Schmidt Law Services Blog

Lisa Schmidt

Parents Count As Victims for Criminal Sentencing

Victims' Parents Get a Say at SentencingOnly certain people have a say in your sentence during a criminal case: the judge, the prosecutor, the probation department, your attorney, the victim, and now the victim’s parents. The Michigan Legislature recently passed a bill that will allow the parents of a victim to complete a “victim impact statement” if the actual victim is a child or mentally or emotionally unable to participate him or herself. But could this soon-to-be-law result in stricter punishments to please pushy parents?

In felony cases, a defendant’s sentence is determined by a formula based on the defendant’s criminal history, and the facts and circumstances of the case. But this formula recommends a minimum sentencing range. The judge has discretion to sentence the person anywhere within that range. In what are called “straddle cells” that discretion could be the difference between probation and prison.

To make that decision the judge reviews evidence presented by the prosecutor and defendant’s attorney. The prosecutor’s argument includes a pre-sentence investigation report completed by the probation department, and victim impact statements made by the person affected by the crime. The defense attorney can present evidence to contradict those reports or give other reasons why a lighter sentence may be appropriate.

The new bill, which was presented to Governor Snyder for signature on May 22, broadens the definition of “victim.” It includes the parents of a victim less than 18 years of age, or who is mentally or emotionally “unable to participate in the legal process” as long as the parent is not the one charged with the crime or otherwise incarcerated.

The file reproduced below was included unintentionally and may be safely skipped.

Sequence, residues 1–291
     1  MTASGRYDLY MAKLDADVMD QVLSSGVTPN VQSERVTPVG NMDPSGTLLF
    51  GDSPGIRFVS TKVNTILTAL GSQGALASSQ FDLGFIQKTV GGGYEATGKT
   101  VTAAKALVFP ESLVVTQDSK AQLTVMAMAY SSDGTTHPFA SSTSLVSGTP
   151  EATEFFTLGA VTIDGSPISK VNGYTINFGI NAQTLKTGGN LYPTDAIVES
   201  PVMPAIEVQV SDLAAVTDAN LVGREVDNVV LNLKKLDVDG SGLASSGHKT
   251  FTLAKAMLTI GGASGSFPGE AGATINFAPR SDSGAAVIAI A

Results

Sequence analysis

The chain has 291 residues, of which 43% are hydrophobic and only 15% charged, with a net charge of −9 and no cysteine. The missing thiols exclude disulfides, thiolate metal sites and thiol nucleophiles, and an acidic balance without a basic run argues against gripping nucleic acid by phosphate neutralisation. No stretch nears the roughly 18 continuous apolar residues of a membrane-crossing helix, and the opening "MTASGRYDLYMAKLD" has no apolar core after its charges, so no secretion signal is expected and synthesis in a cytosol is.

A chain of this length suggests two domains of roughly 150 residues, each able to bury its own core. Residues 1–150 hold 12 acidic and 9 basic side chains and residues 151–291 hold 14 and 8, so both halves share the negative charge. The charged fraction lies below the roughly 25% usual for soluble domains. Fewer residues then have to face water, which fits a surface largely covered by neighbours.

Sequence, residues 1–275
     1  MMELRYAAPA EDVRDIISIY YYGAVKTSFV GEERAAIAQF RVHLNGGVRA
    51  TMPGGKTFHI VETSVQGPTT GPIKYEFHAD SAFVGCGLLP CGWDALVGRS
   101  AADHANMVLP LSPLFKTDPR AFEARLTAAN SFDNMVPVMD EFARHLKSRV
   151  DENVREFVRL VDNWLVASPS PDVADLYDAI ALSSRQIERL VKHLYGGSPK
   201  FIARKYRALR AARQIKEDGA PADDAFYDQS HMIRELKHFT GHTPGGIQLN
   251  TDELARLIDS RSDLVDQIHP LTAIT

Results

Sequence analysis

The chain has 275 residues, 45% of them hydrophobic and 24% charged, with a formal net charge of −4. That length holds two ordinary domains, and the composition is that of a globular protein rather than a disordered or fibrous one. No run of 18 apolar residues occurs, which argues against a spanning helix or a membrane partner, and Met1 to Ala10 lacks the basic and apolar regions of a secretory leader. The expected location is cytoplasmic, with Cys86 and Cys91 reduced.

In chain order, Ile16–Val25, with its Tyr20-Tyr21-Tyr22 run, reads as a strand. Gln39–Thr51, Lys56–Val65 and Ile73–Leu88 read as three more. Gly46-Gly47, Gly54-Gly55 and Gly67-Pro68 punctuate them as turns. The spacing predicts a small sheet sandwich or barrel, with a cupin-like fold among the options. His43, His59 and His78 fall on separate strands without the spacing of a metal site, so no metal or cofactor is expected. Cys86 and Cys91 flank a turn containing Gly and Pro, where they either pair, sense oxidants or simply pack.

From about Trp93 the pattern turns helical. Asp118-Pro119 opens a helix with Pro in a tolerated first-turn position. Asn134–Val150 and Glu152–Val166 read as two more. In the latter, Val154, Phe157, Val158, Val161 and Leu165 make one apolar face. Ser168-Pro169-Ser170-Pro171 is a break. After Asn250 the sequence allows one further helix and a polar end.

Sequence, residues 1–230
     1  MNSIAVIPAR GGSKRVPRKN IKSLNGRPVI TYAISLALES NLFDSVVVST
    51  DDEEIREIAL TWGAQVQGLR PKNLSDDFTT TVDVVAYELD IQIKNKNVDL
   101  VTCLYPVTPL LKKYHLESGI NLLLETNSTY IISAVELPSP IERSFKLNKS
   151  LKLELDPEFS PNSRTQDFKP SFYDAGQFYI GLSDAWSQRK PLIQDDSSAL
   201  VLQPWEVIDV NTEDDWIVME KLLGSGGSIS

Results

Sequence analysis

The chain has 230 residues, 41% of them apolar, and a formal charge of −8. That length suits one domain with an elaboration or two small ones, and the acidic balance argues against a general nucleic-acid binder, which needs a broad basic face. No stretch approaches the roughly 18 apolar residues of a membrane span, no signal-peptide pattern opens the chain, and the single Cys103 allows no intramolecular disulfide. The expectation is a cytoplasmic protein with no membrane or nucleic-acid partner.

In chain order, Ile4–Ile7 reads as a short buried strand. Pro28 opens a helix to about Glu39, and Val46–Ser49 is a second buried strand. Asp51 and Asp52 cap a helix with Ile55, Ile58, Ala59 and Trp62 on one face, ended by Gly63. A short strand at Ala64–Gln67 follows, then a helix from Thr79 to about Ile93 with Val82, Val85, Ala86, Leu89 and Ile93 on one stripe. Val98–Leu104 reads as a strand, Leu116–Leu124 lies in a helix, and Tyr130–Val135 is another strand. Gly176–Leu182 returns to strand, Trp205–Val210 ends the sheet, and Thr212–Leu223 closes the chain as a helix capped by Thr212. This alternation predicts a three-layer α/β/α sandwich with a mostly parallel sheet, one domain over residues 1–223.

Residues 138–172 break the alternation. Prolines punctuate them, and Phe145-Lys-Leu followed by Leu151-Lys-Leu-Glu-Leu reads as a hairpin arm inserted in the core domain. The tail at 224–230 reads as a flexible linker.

When it comes to young children, this amendment is pretty straightforward. Young victims often do not have the ability to express the way a crime has affected them, especially when the crime is violent. Parents are in the best position to explain the harm done and to advocate for their children.

But as for mental and emotional capacity, this law has the potential to allow parents to get involved just because they want a harsher sentence. No matter the age, victims often find it difficult to testify before judges. In an era where potential employers are having to invite parents to interviews to negotiate salaries for their children, the court will undoubtedly start hearing from the parents of a lot of adult victims who want a say in what happens to their child’s attacker.

To what end? Just like when parents call their principal to demand stricter discipline, judges are going to be pressured to order more severe punishments in cases where the victims have aggressive parents. This could cause significantly more stringent sentences that overshadow and sometimes destroy the few good things defendants have going for them. Defense attorneys will need to be ready to object to the victims’ “unavailability” and limit the power of the angry parents. If you have been charged with a crime, contact Attorney Lisa J. Schmidt for a consultation.

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